This film can best be described as a psychological thriller based on the criminally insane. The Skin I Live In is disturbing on many levels and one has to wonder about the moral ethics of our society. There is a bestiality about the characters in this film that makes the film depressing. You watch in horror with no sense of hope throughout the film. The damage done is irreversible and frightening. Antonio Banderas plays Robert Ledgard, a surgeon who takes a matter of revenge into his own hands and proceeds to use a human as a guinea pig to advance his research.
It is not clear whether the film is about revenge for a crime committed against Ledgard’s daughter, or about scientific research prompted by the horrific accident suffered by Ledgard’s wife. The combination is utter madness and quite bizarre. Banderas is a fine piece of eye candy and a major selling point for this film, but in my opinion is miscast as the evil surgeon. He attempts to be emotionless and cold, however, there is a warmth about him as a human being that makes it difficult for the audience to hate him. Had another actor, such as a Spanish version of John Malkovich been cast in his role, I’m sure there would have been a higher level of emotion expressed by the audience towards this evil character. Elena Anaya is magic to watch as Vera Cruz. She works each scene to her advantage, mesmerising the audience with her beauty. Considering the mental state of the characters depicted in this film, the fact that she is able to remain so poised and calm in the diabolical situation she is imprisoned in, makes her character unbelievable. Not even a hint of madness. Surely the practise of yoga that she embraces to help her cope is not that powerful, especially for a novice.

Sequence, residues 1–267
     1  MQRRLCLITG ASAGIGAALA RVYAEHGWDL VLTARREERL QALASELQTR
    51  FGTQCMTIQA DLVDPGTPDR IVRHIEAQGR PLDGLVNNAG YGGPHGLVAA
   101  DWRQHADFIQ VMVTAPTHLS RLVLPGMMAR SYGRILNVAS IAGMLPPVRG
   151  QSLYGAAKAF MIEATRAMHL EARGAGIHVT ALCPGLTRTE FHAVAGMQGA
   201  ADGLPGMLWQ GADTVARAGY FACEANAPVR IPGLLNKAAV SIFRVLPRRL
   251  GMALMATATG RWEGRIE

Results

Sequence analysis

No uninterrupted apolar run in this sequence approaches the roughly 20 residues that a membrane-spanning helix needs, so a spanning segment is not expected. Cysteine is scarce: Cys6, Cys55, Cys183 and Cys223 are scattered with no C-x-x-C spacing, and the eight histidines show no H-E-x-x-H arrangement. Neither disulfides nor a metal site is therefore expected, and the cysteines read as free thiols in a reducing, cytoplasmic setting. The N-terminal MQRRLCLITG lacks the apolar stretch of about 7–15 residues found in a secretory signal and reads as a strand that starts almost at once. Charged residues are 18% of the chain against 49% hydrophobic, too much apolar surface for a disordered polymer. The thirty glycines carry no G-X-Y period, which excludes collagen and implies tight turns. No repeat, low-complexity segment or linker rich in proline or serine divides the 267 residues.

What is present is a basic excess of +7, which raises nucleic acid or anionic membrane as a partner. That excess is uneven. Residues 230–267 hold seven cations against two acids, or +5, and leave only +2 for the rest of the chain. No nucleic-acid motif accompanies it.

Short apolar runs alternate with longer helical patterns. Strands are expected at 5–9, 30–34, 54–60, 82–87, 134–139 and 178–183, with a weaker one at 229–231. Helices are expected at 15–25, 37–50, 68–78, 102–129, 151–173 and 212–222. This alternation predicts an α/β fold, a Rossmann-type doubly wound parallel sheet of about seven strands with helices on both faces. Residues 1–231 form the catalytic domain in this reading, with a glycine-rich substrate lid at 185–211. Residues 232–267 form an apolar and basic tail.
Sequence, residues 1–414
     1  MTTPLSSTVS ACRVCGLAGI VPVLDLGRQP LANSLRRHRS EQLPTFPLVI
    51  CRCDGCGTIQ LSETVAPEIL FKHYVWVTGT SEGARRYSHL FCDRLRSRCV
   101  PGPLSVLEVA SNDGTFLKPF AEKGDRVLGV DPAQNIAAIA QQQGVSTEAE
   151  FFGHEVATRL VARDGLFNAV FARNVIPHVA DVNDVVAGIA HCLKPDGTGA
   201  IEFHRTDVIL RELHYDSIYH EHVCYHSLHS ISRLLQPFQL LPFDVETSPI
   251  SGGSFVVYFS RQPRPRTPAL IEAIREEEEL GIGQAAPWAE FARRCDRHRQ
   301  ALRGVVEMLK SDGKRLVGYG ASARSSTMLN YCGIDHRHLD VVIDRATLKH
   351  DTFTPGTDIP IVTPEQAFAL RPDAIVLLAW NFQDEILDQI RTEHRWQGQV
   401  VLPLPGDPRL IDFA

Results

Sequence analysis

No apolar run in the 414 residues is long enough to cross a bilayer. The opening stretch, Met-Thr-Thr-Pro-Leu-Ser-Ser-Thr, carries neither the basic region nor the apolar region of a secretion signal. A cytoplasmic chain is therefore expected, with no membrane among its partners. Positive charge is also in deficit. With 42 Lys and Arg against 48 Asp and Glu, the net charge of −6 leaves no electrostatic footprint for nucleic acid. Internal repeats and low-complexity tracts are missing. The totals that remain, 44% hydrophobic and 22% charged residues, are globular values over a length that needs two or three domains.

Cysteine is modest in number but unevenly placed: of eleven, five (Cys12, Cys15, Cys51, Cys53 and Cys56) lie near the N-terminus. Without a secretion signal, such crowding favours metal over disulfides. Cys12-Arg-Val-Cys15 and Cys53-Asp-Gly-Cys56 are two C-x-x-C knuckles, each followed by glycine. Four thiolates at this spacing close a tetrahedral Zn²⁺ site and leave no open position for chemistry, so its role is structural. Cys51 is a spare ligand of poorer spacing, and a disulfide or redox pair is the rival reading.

The Skin I Live In is masterfully directed by Pedro Almodóvar, Spain’s most internationally acclaimed director. The story is an unnecessarily complex one with enough twists and turns to make your head spin. The loose ends are neatly tied together, unfortunately with predictability and the ending is too simplistic and convenient. A simpler storyline could have worked better and made the story more believable, and easier to digest. Eliminating unnecessary characters and subplots and having Vera raped by Robert would have had a bigger effect on the audience’s feelings towards Robert.
Having Robert’s work colleague, Zeca begin to investigate Robert’s illegal research at the beginning of the film would have created more tension throughout the movie, rather than have him appear towards the end of the film with his allegations, and then have the film end shortly after. The blending of two characters was completely unconvincing but the idea of the story was intriguing, and as I mentioned before, very disturbing. There is little explanation as to the insanity of Robert’s daughter. She appears as a puppet in the film to serve a purpose and then is conveniently disposed of. Too much tragedy makes a heart grow cold. It’s not a film you would want to watch again. All up, the film kept you squirming in your seat and although not a pleasant experience to watch, it certainly was different. Jacqui’s rating: 3 out of 5